The program was initially approved by the Swiss government as an amendment to the Federal Act on Narcotics and Psychotropic Substances, and it became official on May 15th of last year. Only certain cities are participating in the program, and the program sets up regulations for growing and harvesting the cannabis used for it; setting the guideline of a 20% THC limit, while also instituting regulation for pesticide limits, and warning labels.
For the program, each participant is limited to 10 grams of THC monthly, and no more. The program also comes with the stipulation that participants must inform schools – if they are associated with one in any way – if they are in the program. Which realistically could cause problems for some participants.
The program was meant to run for 10 years, which is obviously unrealistic in today’s climate of cannabis acceptance. Let’s be honest, in 10 years from now, there aren’t likely to be many countries with prohibition policies still intact. Perhaps this is why parliament instituted the recent votes, rather than waiting for a 10-year trial to pass to change laws.
This is an expected outcome, and could make Switzerland the first European country (EU or not) to institute a regulated system for recreational cannabis. Of course, bills can take time to pass, so Germany, or another interested country, still has time to get in there first. Apparently the pilot study must have been going super well to get the country to take off over nine years of study time, before making a decision. That, or it became clear to the governance that if Switzerland waited ten years, it would be the last to legalize altogether.
Unlike Malta, which last year legalized recreational cultivation and use, and Georgia, which legalized only use in 2018 via a Supreme Court ruling (like Mexico), it sounds like Switzerland is looking to do the whole thing, which would make it the first in the region to do so. While Malta and Georgia might expand their laws to include regulated sales markets, this is currently absent from both those countries’ policies.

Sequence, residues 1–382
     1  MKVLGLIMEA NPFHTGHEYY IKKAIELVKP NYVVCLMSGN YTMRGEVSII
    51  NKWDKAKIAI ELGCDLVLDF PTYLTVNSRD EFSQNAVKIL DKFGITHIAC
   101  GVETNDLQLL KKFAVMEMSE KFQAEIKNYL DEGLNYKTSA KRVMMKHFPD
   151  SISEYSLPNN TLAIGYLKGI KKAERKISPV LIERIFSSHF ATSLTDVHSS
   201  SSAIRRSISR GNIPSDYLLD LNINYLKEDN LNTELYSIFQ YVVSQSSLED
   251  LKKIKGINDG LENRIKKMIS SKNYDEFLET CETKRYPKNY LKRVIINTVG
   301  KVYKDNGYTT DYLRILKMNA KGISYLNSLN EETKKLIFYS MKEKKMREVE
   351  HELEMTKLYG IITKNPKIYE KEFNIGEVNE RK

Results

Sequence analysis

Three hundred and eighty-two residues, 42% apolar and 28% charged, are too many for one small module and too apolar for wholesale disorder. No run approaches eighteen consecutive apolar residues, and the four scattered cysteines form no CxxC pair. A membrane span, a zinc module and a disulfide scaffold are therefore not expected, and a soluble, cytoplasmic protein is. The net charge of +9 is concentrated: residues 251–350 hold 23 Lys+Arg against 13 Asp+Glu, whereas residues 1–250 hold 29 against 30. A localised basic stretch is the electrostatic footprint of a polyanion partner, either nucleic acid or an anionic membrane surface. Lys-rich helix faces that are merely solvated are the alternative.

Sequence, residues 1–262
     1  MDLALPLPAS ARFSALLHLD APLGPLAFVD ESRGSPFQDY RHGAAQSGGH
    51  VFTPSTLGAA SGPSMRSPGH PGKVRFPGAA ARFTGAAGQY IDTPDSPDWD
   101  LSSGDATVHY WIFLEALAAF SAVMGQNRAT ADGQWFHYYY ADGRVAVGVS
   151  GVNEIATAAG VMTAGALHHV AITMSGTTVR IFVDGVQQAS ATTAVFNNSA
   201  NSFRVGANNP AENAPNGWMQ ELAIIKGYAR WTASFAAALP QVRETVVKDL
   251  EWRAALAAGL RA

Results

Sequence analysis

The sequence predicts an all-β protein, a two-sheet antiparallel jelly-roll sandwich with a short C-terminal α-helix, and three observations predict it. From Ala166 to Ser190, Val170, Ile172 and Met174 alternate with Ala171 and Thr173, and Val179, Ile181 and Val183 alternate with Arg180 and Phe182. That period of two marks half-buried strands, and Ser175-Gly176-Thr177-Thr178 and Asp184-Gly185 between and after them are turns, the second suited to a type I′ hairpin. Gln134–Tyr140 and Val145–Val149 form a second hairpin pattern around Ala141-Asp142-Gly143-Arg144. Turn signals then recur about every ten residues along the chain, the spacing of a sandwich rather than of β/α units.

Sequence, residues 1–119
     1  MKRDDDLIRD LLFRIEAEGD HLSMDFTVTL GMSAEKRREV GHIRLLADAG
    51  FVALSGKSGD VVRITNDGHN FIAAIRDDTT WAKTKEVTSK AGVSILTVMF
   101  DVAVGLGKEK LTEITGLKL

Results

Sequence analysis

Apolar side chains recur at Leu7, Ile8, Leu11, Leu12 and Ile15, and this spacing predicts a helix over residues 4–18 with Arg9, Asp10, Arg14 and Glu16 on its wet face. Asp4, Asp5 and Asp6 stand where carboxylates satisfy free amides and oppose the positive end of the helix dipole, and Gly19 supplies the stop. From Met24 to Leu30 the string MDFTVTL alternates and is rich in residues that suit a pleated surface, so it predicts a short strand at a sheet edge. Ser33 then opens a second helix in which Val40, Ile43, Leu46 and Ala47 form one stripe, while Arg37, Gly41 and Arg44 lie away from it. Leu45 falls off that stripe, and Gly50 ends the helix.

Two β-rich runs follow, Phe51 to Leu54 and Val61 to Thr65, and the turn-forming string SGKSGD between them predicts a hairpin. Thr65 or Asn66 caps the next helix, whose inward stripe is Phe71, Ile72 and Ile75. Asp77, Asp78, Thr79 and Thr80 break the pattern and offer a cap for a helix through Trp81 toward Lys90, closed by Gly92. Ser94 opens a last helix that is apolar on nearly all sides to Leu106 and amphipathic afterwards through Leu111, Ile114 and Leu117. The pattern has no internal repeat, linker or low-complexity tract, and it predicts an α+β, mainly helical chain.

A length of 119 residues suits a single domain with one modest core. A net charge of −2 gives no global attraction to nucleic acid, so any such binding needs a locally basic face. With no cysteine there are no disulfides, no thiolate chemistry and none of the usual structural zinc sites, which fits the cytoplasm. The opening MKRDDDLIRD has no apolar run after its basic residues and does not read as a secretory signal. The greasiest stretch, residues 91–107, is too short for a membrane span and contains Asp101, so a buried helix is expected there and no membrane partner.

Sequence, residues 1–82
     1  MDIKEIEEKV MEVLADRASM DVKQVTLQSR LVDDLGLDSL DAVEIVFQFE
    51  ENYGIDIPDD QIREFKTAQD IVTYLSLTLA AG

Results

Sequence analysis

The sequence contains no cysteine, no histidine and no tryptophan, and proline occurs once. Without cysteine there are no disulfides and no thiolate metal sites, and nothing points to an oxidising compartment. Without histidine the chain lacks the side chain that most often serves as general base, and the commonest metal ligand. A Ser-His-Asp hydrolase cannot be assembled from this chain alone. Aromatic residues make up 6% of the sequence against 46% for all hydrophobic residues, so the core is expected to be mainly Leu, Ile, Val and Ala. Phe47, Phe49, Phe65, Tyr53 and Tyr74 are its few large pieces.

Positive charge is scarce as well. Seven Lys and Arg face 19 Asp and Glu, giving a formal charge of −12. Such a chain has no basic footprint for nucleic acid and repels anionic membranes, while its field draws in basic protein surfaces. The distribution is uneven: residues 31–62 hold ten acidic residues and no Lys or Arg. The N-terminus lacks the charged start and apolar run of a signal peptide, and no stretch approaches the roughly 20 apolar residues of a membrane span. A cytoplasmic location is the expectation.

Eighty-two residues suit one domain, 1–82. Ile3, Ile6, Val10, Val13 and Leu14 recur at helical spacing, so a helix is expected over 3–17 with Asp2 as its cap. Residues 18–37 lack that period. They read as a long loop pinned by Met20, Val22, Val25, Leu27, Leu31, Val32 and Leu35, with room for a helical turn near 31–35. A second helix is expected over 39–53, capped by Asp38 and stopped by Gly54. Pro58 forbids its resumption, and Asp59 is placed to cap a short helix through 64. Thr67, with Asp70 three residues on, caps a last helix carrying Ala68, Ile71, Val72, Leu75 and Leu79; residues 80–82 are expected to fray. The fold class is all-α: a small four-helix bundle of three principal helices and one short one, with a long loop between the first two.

The difference between a decision being made, and a law being written and approved, is a pretty wide gap, and there’s no telling at the moment if the current decision will be redacted before a bill gets out. As the general trajectory is moving forward, it does seem likely that a bill will be written and approved soon. Much like Mexico, we’ll have to wait and see how it pans out in the end. For now, Switzerland has technically made the decision to legalize recreational cannabis, and its just a matter of the laws being officially written. Good job Switzerland!
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Disclaimer: Hi, I’m a researcher and writer. I’m not a doctor, lawyer, or businessperson. All information in my articles is sourced and referenced, and all opinions stated are mine. I am not giving anyone advice, and though I am more than happy to discuss topics, should someone have a further question or concern, they should seek guidance from a relevant professional.